Networking, nowadays you can hardly escape it. But what if you are not that skilled at profiling yourself? No worries. This way you ensure that you still come into contact with people who can help you further.
When network coach Judith Smits came to parties as a teenager, she often had to introduce herself three times. "People just didn't remember me," she says. Once at work, exactly the same thing happened. At networking meetings, she had a hate. But instead of just staying home, she decided to take a different approach.
In the meantime, she has relinquished it and people do remember her. She has made her work out of networking. She wrote a book about it, The FUN Factor . You can make networking better for yourself, is her motto. You can't escape that. "We live in a network economy," says Smits.
"You can still be so good at your work, if nobody knows, chances are that you will be fishing behind the net." Research by the Labor Market for Behavioral Research (AGO) indeed shows that 23 percent of Dutch people found a new job in 2017 through their network. Almost 60 percent of the self-employed were via via new orders.
Great for the born networkers among us. But according to Smits, they are the exception rather than the rule. "The majority of people feel some reluctance to approach a stranger," she says.
Good listening is important
It is a misconception that networking means that you should tell as much as possible about yourself. Networking means that you come and stay in contact with each other. "Good listening is just as important here," says Mark Soons. He is a business coach and author of the book Stop selling, start helping .
Instead of just talking about yourself, he believes it is better to listen honestly to people who could possibly mean something to you. "If you listen carefully, you will find out more about someone," he explains. "That way you also find out what that person needs and if you can possibly be of service to him or her."
Make people curious by helping
Doing something for someone is a smart way to ensure that you appear on the radar with him or her. Soons: "When you help people, they become curious about you. Maybe they can link you back to people who can mean something to you." Just don't assume that this happens immediately. "Many people have the idea that they should get something out of such a conversation right away," says Soons.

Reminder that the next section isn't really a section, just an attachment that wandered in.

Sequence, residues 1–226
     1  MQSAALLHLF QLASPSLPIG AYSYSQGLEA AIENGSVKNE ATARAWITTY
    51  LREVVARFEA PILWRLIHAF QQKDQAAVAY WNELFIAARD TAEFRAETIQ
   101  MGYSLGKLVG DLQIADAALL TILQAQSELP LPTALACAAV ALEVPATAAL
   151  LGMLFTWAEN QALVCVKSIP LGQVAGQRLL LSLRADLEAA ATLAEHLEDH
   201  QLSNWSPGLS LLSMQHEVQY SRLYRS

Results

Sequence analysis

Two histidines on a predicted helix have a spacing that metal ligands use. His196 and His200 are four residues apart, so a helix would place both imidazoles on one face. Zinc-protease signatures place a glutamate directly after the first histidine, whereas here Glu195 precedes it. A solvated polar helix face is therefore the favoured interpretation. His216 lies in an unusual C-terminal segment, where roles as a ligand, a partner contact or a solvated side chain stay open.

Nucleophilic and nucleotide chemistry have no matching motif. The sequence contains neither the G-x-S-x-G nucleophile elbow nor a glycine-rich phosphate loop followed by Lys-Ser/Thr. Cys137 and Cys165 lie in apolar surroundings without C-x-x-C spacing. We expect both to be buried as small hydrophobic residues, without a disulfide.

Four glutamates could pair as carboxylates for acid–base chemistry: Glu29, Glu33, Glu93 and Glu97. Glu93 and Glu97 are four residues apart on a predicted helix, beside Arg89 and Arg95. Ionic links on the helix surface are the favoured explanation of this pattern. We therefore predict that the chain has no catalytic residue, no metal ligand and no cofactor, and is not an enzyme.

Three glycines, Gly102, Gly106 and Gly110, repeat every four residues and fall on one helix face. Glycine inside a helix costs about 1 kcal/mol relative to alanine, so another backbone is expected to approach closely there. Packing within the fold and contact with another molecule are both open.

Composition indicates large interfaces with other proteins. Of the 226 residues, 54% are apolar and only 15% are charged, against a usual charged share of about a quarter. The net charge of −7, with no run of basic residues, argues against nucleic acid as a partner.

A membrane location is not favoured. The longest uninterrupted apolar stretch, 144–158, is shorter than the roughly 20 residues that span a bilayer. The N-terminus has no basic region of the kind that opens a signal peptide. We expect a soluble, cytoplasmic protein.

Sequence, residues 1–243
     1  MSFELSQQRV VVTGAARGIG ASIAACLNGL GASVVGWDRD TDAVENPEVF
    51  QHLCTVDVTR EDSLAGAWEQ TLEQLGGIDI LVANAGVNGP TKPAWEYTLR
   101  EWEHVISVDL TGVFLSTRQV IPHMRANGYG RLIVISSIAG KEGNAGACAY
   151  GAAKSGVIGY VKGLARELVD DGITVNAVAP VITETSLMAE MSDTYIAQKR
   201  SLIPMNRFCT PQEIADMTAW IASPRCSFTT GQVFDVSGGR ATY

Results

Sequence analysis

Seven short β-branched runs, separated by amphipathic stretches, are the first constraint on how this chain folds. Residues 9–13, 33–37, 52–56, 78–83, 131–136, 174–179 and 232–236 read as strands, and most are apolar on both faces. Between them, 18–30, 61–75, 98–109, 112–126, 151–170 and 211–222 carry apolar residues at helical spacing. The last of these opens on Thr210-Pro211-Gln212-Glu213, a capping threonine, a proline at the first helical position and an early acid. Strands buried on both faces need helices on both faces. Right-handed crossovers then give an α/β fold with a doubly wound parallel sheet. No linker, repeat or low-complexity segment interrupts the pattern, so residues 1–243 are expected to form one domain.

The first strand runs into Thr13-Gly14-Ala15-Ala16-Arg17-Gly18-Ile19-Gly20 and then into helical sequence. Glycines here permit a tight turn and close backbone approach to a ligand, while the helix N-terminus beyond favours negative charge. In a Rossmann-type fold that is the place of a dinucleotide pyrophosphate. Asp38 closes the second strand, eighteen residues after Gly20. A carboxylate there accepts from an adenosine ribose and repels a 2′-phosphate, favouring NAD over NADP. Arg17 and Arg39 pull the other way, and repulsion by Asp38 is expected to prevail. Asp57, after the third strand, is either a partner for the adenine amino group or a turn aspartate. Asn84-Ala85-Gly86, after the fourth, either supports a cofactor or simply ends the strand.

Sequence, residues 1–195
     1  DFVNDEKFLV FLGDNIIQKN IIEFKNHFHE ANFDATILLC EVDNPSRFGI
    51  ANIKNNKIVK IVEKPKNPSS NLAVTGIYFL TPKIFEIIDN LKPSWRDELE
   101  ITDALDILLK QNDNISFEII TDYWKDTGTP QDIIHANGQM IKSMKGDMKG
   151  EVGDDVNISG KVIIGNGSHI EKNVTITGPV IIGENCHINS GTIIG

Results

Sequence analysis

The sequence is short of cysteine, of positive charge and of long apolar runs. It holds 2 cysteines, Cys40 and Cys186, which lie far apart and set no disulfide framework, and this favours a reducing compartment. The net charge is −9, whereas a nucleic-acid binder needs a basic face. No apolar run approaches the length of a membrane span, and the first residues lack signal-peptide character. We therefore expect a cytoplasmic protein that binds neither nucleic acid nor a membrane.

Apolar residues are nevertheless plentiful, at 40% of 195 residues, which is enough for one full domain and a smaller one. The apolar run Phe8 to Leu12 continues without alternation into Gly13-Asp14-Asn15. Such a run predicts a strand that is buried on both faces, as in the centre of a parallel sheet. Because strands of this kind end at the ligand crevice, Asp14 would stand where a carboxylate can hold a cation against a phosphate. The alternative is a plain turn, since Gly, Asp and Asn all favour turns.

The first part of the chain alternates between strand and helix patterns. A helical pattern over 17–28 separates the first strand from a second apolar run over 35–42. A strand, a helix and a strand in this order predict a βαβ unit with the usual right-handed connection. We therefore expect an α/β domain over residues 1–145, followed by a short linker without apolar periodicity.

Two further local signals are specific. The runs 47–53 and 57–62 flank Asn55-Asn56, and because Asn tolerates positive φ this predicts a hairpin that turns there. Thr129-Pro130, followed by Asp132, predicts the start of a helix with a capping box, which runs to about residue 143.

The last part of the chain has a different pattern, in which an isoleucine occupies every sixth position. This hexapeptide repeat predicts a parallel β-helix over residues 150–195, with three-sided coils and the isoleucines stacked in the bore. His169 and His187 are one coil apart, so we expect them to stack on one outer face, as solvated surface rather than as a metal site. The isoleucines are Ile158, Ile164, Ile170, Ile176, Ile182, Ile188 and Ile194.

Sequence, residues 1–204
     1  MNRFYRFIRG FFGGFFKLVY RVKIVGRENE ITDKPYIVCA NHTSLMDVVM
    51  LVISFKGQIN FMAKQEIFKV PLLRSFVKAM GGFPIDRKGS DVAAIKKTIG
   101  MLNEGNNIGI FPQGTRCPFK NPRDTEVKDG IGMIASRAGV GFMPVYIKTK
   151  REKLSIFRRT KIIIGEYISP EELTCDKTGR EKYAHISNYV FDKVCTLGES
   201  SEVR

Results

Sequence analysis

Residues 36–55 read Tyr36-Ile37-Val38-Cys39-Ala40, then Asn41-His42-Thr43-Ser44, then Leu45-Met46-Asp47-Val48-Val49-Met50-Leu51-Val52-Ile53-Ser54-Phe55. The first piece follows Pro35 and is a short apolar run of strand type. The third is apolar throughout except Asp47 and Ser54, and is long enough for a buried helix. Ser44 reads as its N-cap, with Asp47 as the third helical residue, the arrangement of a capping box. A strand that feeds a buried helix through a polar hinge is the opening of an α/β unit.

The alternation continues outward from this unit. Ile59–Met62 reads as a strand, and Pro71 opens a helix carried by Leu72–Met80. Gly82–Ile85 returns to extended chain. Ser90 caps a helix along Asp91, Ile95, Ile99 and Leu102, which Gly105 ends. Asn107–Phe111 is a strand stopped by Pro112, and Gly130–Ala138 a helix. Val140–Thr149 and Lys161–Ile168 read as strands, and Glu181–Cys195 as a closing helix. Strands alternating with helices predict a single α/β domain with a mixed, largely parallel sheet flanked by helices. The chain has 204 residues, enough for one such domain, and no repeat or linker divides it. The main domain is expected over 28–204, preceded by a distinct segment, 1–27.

"But often you only reap the benefits of networking in the long term." Incidentally, it is useful to maintain contact with the person you helped. That is only possible by sending a simple e-mail with the question whether it all worked out. Soons: "Then someone will be reminded of your existence again."
Fear of being found strange
But before you get that far you will really have to make contact first. According to Smits we find that so difficult because we are deeply afraid that people will find us strange.
But that is not too bad, according to the coach. "You call that feeling the spotlight effect," she explains. "If you approach a group, you probably have the feeling that everyone looks at you and has an opinion about you. While those others are not concerned with that at all."
First contact via LinkedIn
To keep that intimidating feeling as limited as possible, it is best to approach someone who is alone. Smits: "Make sure that you are one of the first to attend a network meeting. The groups have not yet been formed." Another solution is to make the first contact online. Smits: "Most people find that easier."
She therefore recommends that you review the list of participants a few days before the event. "Send a message via LinkedIn to someone you think is interesting and arrange to meet each other at the event." Another place to get into a casual conversation is the bar. Smits: "Also order a drink for the person next to you. Logically you will get talking."